Why am I bringing this up? Well, it’s not the same situation by any means, but I do feel lucky because I get to watch my husband’s face when we get positive medical news. Mark has always been SO strong during this process, since day the day I was diagnosed. He doesn’t fall apart in front of me (even though he has EVERY right to do so). Even on our wedding day he held it together somehow…because that’s what he does. A couple of days ago I watched Mark’s reaction when the doctor was gave us the results from my bone scan. When the doctor said the words “and the rest is clear” – that is a moment I don’t think I’ll ever forget. Not just because of the amazing news, but because of the way Mark looked when he heard the news. He isn’t a man of many words, but his face in those moments shows me how much he loves me. Sometimes I have a terrible memory….so I’m sharing this mostly because I don’t ever want to forget how I felt on Friday when I saw pure joy, relief, pride…..and a little disbelief wash over my husband’s face all at once. It was pretty special. (Moreover, I wish I had the elevator surveillance video of the two of us right after we were leaving the doctor’s office. #VictoryDance
Question: Are you so relieved? How does it feel?
Answer: YES. RELIVED. HAPPY. THANKFUL. It almost doesn’t feel “real” yet. I’ll be honest….it’s hard (as a human being) not to brace yourself for bad news. But the truth is, you’re never ready for bad news- so “preparing for it” in the form of worry isn’t going to help. The pain associated with bad news is going to be there whether you were prepared or not. With that goal in mind, I try not to make myself miserable with “SCANXIETY” as it’s known in the cancer world. Do I fail at that sometimes? Of course. But I still try to be hopeful and positive. Mathew 6: 27 “Can any one of you by worrying add a single hour to your life?” I believe the answer here is no 😉 For example, here’s what Mark and I were up to right after the scans (before the results). Humor always helps 🙂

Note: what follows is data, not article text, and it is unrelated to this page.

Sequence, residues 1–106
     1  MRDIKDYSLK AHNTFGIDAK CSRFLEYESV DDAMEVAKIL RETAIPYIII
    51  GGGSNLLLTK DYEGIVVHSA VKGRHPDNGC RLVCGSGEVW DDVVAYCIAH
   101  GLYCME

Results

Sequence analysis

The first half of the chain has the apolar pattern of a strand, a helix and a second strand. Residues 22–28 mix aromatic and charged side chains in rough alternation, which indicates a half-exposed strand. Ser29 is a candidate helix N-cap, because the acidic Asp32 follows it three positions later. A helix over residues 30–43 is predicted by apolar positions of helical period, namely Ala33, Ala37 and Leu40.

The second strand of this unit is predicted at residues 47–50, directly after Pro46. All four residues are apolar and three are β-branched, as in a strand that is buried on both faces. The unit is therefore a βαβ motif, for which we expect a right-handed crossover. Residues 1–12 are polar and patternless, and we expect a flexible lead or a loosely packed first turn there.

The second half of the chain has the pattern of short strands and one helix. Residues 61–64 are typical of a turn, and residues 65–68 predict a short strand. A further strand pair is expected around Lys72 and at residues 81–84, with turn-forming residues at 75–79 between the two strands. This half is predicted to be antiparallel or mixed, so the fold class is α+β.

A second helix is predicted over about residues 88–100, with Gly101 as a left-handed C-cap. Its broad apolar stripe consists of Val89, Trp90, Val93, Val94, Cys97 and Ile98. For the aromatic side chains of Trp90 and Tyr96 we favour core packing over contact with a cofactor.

Question: Does this mean you are in remission?
Answer: I did have to google this one because I’ve been asked so many times. I believe remission means that you have not had a reoccurrence in the last 5 years. BUT I think I am now finally considered “NED” (no evidence of disease) assuming the chest x-ray comes back clear (which God willing, we think will be the case). N-E-D!!
Question: How was the wedding?
Answer: Amazing. We loved spending time with friends and soaking up the good news. Here are some pics/video from the weekend 🙂
Explanation on the video below…..you can probably fill in the blank at the end re: Mark’s sentiment towards cancer….. 🙂
Question: Are you still on the chemo pills?
Answer: Oh yeah. I’m actually on Cycle 2, day 14 (each cycle is 3 weeks/21 days long). I take the pills on day 1-14 and am “off” on days 15-21. Chemo pills are cumulative so you’re actually still feeling the side effects on the off days as well. I will say, reducing my dose to 3,000mg per day vs 3,500 mg per day did help. I have been sick to my stomach, tired, etc. But it’s manageable. Not ideal by any means, but I’ll take this all day long over IV chemo if that’s what it takes 🙂 I started getting the foot blisters yesterday but they aren’t as bad as last time. I can still walk, my hands and feet are just tender. I’ve also had to accept that I need a REAL CARB when I take the chemo pills which has helped I think. If everything goes according to plan, I should have 6 more cycles of Xeloda after this one. I’ll have a Pet Scan in November to check my progress. (…..and if you don’t hear from me about the chest X-ray then all is well) 🙂
As always, thank you for the prayers, support, and love.
⭐️Holly Hollis Stars⭐️